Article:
We can't trust what we don't know. Students' lack of trust and confidence in their institutions' data practices (see figure 3) is becoming a persistent finding in EDUCAUSE research. Only about half of respondents agreed or strongly agreed that they have confidence in their institution's ability to safeguard their personal data or that they trust their institution to use their personal data ethically and responsibly (54% and 46%, respectively).
Respondents who disagreed or strongly disagreed that they have confidence in their institution's ability to safeguard their personal data were asked to "share more about why you do not have confidence in your institution's ability to safeguard your personal data." Similarly, respondents who disagreed or strongly disagreed that they trust their institution to use their personal data ethically and responsibly were asked to "share more about why you do not trust your institution to use your personal data ethically and responsibly." Several themes emerged from these responses.
General Lack of Trust
"Anyone can access online data."
"Hackers have become more crafty over the years."
"It is the modern era. No one uses [data] ethically."
Belief That Higher Education Institutions Are Capitalistic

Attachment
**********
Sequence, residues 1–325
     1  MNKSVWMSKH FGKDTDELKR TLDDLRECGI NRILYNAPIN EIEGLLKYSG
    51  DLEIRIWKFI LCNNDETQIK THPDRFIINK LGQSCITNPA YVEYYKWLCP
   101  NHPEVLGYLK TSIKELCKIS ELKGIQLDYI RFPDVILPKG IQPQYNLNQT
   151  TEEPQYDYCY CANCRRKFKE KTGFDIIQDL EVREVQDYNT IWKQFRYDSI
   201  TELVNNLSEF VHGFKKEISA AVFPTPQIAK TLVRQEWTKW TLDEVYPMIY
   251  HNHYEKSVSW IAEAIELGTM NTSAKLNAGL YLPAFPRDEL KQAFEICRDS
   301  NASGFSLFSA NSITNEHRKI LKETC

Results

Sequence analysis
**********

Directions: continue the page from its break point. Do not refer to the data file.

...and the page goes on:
"They're a capitalistic institution more focused on making money than improving the education of American people."
"Colleges are for-profit, why would they care about being ethical?"
"Greed is their motive."
Opacity of Institutional Policies and Practices
"They have no transparency into what they're storing."
"I am not aware of their policies."
"They don't really say anything about [safeguarding data], and I haven't done any research on it."
Previous Data Breaches
"My school was hacked in the past, so it kind of causes a bit of distrust."
"[My institution] has a history of data breaches."
"We have had too many events where our information has been leaked via phishing emails."
Third-party software is also on the hook. Students also lack trust in the ways educational software companies use students' personal data (see figure 4). Over a third (39%) of respondents indicated that they are very or extremely concerned about software companies' interest in using personal data purely for their own profit. Further, 36% of respondents indicated that they are very or extremely concerned about companies' ability to securely store and protect their data. As institutions' privacy and information security leaders look for better ways to communicate with students about their policies, third-party technologies must be part of the conversation.
For more resources related to assessing and managing vendor risk, see the EDUCAUSE Higher Education Community Vendor Assessment Toolkit.